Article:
According to Oxford dictionary, irony means
the expression of one’s meaning by using language that normally signifies the opposite, typically for humorous or emphatic effect:
‘Don’t go overboard with the gratitude,’ he rejoined with heavy irony
- a state of affairs or an event that seems deliberately contrary to what one expects and is often wryly amusing as a result:
the irony is that I thought he could help me
[count noun]: one of life’s little ironies
- (also dramatic or tragic irony) a literary technique, originally used in Greek tragedy, by which the full significance of a character’s words or actions is clear to the audience or reader although unknown to the character.
Let's consider your example sentences.
So the irony is this: technology is freeing us from technology.
When we use technology, it is reasonable (at least it seemed to appear so to whoever said that) to think that we would keep using technology. But then, how could it freeing us from itself at the same time. And that is the irony.
The postmodern reply to the modern consists of recognizing that the past, since it cannot really be destroyed, because its destruction leads to silence, must be revisited: but with irony, not innocently.
–Reflections on The Name of The Rose, by Umberto Eco.
It might be helpful to know that the context is about literature re-examination. To be specific it's about revisiting postmodern literature. Because this is written by Umberto Eco, who is an Italian semiotician, essayist, philosopher, literary critic, and novelist, we should not take his use of this irony lightly. In other word, I would not treat this use of irony the same way as used in the above example.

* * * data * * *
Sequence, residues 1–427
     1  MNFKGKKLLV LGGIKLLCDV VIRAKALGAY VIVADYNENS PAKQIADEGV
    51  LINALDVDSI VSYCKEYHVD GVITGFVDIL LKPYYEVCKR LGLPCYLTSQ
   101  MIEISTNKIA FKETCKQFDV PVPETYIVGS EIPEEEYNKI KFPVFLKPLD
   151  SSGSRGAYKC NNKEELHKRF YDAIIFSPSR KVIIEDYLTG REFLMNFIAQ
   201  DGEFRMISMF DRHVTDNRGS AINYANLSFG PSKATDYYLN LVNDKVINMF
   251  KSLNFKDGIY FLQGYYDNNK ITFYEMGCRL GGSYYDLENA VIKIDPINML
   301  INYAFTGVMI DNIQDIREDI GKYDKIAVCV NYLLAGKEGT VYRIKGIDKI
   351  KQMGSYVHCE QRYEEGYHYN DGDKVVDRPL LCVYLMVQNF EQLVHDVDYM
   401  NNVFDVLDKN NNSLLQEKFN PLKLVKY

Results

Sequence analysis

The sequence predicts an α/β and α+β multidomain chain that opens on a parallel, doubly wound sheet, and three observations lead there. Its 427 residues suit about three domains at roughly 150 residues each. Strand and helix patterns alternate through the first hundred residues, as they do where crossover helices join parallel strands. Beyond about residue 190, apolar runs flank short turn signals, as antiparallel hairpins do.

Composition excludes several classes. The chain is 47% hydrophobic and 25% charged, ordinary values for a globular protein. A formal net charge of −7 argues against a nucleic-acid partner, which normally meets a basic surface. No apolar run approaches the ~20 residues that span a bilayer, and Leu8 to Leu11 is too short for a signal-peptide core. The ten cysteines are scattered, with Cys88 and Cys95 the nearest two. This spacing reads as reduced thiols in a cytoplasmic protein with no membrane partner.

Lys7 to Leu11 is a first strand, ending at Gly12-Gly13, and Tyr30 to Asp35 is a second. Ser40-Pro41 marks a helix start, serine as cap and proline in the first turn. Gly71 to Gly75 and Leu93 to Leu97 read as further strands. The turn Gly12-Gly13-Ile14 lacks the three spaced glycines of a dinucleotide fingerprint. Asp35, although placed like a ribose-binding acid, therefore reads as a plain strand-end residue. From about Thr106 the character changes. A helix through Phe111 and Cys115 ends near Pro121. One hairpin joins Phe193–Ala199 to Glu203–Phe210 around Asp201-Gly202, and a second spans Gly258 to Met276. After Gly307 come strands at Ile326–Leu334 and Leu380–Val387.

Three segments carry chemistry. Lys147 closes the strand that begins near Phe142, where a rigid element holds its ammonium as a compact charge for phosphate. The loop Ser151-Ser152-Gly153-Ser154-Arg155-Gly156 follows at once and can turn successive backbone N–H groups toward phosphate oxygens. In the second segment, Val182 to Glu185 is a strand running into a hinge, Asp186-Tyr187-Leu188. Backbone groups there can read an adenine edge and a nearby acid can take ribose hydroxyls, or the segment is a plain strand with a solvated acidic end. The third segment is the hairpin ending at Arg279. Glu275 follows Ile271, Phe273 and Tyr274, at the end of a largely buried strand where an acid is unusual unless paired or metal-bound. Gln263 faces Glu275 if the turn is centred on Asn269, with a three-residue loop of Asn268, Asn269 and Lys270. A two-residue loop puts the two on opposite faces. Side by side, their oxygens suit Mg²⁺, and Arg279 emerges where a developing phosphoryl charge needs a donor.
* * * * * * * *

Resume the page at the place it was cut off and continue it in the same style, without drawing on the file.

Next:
As Wikipedia lists 6 apparent types of irony: dramatic, cosmic, socratic, situational, verbal, and irony of fate. I believe that this use of irony in must be revisited with irony has the sense of socratic, which is used
when someone (usually a teacher) pretends to be stupid in order to show how stupid his pupils are (while at the same time the reader or audience understand the situation).
The phrase but with irony, not innocently also tells a lot. The revisiting would appear to be done innocently, but in fact not. It would rather be done in an ironic manner. Not just review it literally, but review it carefully and critically while still treating it at its face value first.
See also: http://en.wikipedia.org/wiki/Irony